New York

Adolph Wölfli

Adolph Wölfli (1864–1930), who was admitted to the Waldau hospital for the mentally ill in 1895, where he was eventually diagnosed as schizophrenic, devoted 31 years of his life to producing an array of art works in different media, including drawings, musical compositions, poetry, and prose. This show of 30 drawings represented the range of his production, from his multifaceted autobiographical opus to the drawings he made to earn money.

In 1908 Wölfli began his “narrative work,” an encyclopedic series that by his death numbered some 45 volumes with over 25,000 pages. In the opening segment, From the Cradle to the Graave, 1908–12, Wölfli re-presented the first eight years of his life through the world travels of the magical child “Doufi.” Kaiser Barbarossa, ca. 1908, is typical of the fantastically ornamented, obsessively detailed colored-pencil drawings of the first segment of this series. The borders are filled in with decorative bands that frame a central, symmetrically conceived image of royalty, while to the right, Doufi is engaged in a sexual encounter with a woman. These unabashedly grandiose scenes, with their emphasis on personal and sexual freedom, contrast dramatically with the restricted nature of Wölfli’s life.

Wölfli’s adventures turn cosmic in his Geographic and Algebraic Books, 1912–16. In the course of interplanetary travels with his companions—outrageous beasts, and gods—Wölfli ends by reinventing himself as St. Adolph II. In this work musical composition becomes both a narrative and a formal device in these swirling, overdetermined pieces. On the front of the large, double-sided Der Grund=Riesen=Fonttaine=Strahl (The ground=giant=fountain=spray; 1913), St. Adolph II makes love to a goddess; both figures are encircled by concentric rings filled with musical notation and imaginary animals.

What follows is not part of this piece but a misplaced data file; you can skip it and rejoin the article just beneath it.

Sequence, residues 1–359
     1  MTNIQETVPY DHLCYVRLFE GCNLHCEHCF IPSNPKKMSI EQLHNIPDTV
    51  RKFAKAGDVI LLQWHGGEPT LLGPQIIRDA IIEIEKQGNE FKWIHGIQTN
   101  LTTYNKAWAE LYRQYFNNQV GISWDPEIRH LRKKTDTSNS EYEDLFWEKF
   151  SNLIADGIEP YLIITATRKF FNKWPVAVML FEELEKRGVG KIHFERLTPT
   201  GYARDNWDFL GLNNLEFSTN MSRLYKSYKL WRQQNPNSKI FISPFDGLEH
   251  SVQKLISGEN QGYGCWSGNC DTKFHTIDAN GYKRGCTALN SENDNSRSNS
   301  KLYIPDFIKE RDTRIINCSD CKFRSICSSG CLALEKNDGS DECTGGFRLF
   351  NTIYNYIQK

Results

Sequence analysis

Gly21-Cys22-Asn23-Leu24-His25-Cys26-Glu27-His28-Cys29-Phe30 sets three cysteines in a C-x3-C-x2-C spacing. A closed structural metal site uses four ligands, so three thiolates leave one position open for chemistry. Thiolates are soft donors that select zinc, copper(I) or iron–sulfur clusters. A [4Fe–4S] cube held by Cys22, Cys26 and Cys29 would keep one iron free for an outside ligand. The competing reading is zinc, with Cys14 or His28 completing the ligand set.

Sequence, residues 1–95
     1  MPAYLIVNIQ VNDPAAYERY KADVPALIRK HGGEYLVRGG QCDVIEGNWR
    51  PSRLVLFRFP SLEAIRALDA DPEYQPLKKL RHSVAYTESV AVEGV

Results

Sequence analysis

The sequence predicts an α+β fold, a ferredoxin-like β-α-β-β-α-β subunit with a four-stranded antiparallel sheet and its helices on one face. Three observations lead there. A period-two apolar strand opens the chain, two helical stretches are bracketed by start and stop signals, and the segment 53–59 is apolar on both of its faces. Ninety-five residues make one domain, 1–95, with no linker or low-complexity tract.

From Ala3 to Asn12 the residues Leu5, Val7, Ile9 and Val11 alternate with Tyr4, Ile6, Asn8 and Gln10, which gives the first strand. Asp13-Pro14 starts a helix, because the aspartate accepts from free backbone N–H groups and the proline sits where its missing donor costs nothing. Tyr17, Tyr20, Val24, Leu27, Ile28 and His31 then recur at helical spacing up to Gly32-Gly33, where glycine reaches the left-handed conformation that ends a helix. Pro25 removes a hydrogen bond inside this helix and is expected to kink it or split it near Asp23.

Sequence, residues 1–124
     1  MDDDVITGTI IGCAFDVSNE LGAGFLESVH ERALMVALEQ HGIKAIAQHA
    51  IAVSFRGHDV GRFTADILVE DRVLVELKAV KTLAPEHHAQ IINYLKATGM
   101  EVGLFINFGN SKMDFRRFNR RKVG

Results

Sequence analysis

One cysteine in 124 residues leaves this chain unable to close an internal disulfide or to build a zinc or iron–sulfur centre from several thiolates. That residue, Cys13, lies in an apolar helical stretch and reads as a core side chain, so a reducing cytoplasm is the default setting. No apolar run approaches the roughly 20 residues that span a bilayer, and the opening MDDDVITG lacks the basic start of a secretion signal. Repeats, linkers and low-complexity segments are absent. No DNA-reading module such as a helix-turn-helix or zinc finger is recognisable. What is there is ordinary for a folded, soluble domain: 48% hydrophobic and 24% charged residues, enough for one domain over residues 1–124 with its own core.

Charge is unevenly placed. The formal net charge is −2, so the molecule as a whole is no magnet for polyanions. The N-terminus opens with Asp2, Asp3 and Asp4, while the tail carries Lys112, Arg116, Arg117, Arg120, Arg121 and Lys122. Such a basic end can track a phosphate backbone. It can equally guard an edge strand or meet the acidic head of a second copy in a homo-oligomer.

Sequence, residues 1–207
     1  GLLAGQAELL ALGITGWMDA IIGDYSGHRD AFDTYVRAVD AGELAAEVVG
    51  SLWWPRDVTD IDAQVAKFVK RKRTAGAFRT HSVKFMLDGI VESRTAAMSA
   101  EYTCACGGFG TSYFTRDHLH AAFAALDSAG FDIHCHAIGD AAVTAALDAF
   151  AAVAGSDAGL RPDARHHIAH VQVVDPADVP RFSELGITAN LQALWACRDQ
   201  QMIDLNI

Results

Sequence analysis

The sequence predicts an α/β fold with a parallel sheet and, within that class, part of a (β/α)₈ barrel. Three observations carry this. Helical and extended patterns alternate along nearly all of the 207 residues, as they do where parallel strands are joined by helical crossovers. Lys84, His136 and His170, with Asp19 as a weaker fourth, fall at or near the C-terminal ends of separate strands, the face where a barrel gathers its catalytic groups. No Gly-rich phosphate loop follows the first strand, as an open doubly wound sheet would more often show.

In 1917, Wölfli began composing music by means of solmization, replacing traditional notation with an obscure code of words and symbols. In the obsessively numbered Books with Songs and Dances, 1917–22, Wölfli continues to narrate his story, albeit in an increasingly veiled shorthand. Bschuttipumpper=Polka, 1917, presents one such “composition” in flowing, rhythmical text accompanied by drawings. Shortly before this period, Wölfli began to use collage, incorporating pictures from popular journals into his private symbology. His musical and collage compositions continued in 1924 with the Album-Books with Dances and Marches, 1924–28, culminating in the extremely pared-down language of his vast but barely finished The Funeral March, 1928–30, done in the last years of his life.

Wölfli’s oeuvre spans one of the richest periods in the history of Modern art. Yet, though he experimented with abstraction, multiple viewpoints, and the use of both collage and text, he remained radically isolated from European Modernists. This show, which offered some rare works never before exhibited, was a significant contribution to the rediscovery of Wölfli that began in earnest in the ’70s, and which is gaining momentum in our current rush to embrace the artistic Other. It remains to be seen whether the current reevaluation of his work will eventually lead to a more sophisticated consideration of other “outsider” artists—one that seeks to emphasize the continuity rather than the difference between their work and that of the “mainstream.”

Jenifer P. Borum